Turner calls on elected officials to unite, condemn violence

Protests

Portland police union president says city and state leaders must 'untie' the hands of police so peace can be restored

PORTLAND, Ore. (KOIN) — The union representing Portland police officers leveled harsh words at city and state leaders amid ongoing unrest and escalating violence in the streets.

Portland Police Association President Daryl Turner called on city leaders to unify and give police the support they need to keep Portland safe. Turner said Tuesday elected officials should have collectively condemned the violence long before someone’s life was taken.

“It’s come to a point where citizens are looking for help, law enforcement is looking for help. We’re not getting the support we need from our city leaders,” Turner said.

The Portland Police Bureau ushered in its new chief in early June at the same time City Council cut $15 million from the bureau’s budget. Chuck Lovell had been with the PPB since May 2002 before being named as former Chief Jami Resch’s successor.

“Around 85 positions were taken away from our staffing — levels that were already anemic and already catastrophic — and he’s had that to work with for three months through almost 90 days of protests,” Turner said.

The PPA president reaffirmed his plea for city and state leaders to “untie” the hands of police so they can re-establish peace. Turner said the people of Portland are living in fear as violent individuals target police precincts and administrative buildings nestled in residential neighborhoods.

“Right now our hands are tied and they need to be untied,” he said. “There needs to be a zero-tolerance initiative for protest violence, gun violence and all violence in the city right now and that’s not being done.”

Many officials have lamented that ongoing nightly protests are seriously undermining and detracting from the larger Black Lives Matter message. Portland continues to make national headlines as a city plagued by individuals intent on vandalism and looting after the sun goes down.

Most nights are marked by fires lit in the middle of city streets, obscene graffiti left on law enforcement buildings and physical clashes between responding officers and those instigating the chaos. Nineteen people were arrested Monday night and a fire was lit inside an apartment building in Northwest Portland as protesters gathered near where they believer Mayor Ted Wheeler resides.

On Sunday, Oregon Governor Kate Brown revealed her Unified Law Enforcement Plan which aims to protect free speech and simultaneously quell the nightly violence. The strategy hinges in part on the help of law enforcement agencies previously uninvolved in Portland protests to bolster the PPB. But both agencies Brown named — the Washington County Sheriff’s Office and the Clackamas County Sheriff’s Office — will not send back up into the city. Both committed only to supporting Portland police in indirect ways.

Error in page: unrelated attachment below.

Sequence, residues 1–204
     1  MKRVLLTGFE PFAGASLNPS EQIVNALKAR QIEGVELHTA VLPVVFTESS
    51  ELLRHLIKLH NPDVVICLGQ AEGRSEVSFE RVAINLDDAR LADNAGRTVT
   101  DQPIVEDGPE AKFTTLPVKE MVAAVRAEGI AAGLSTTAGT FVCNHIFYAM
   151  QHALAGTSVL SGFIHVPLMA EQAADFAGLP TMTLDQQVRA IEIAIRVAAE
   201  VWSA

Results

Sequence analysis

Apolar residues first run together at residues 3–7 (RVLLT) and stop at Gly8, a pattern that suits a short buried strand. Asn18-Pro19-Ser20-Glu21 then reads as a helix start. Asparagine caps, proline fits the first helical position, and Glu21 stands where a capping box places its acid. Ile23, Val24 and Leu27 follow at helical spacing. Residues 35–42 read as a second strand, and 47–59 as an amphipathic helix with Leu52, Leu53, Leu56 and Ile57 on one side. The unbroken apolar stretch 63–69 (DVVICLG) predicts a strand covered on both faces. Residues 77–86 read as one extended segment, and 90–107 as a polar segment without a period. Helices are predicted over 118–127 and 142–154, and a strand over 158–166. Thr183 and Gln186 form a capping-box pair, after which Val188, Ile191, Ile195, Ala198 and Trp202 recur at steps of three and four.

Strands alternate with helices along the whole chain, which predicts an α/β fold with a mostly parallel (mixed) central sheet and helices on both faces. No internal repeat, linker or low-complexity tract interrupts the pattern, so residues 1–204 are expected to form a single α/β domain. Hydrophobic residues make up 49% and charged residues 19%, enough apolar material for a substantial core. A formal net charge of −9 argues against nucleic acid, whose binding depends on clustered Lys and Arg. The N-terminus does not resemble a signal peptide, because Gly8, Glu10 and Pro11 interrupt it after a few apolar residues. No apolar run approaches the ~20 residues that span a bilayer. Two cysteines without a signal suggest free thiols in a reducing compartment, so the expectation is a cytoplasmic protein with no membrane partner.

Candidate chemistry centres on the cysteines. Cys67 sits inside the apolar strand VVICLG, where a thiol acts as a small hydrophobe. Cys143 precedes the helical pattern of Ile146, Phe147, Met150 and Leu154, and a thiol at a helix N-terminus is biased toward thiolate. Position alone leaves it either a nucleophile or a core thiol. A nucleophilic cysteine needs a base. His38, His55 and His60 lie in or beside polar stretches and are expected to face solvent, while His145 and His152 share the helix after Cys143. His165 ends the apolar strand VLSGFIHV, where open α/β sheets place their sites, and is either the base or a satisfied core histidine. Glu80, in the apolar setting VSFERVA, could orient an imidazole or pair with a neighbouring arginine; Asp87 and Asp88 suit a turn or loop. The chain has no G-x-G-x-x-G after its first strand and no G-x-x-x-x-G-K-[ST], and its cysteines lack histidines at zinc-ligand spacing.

“PPB is a terrific partner and I am very sympathetic to what they are enduring,” said Washington County Sheriff Pat Garrett in his response to Brown. “However, the lack of political support for public safety, the uncertain legal landscape, the current volatility combined with intense scrutiny on use of force presents an unacceptable risk if deputies were deployed directly.”

The Oregon Association of Chiefs of Police and the Oregon State Sheriff’s Association also weighed in on Brown’s plan, saying they would not be tapping their resources to aid the PPB on the streets during protest nights, and calling for “a strong statement by elected leadership at all levels that criminal acts are not legitimate protest and that those who commit crimes will be held accountable… There must be publicly voiced support for Law Enforcement and its efforts to protect lawful protesters and hold criminal violators accountable in a very different environment.”

Turner said the time is now for city leaders to present a unified front and condemn the destructiveness and violence and to support Chief Lovell who stepped up to “a job that was more than just difficult.”

“We have an amazing group of men and women who are out there night after night, who are coming to work through all the criticism, through all the abuse, through all the injuries, through all the assaults — because they work for the people who live in this city,” Turner said. “It’s easy for people to say they are not going to work, they are not going to do this anymore. But they come in every night knowing the abuse they are going to get, knowing they are not going to get support from our elected officials, knowing that in fact that elected officials are trying to defund us when the only way to make positive change is to fund that.”

Defunding the police doesn’t leave room for “evolution and reform at the same time,” according to Turner. He pointed to record numbers of shootings and homicides over the past two months — a bleak reality that he says is directly linked to City Council’s defunding of the PPB’s Gun Violence Reduction Team at the start of the summer.

“They are going to make it so the city of Portland is not a safe place to live. If they want to go by stats, the numbers tell the truth. They can deny it all they want; they’ve made horrible mistakes and instead of fixing them they want to point the finger at someone else,” Turner said. “This is not the time to put your head in a hole and hide. This is the time to stand and stand strong.”

KOIN 6 News has reached out to Portland Mayor Ted Wheeler, city commissioners and the Multnomah County District Attorney’s Office and will update this story when we receive responses.

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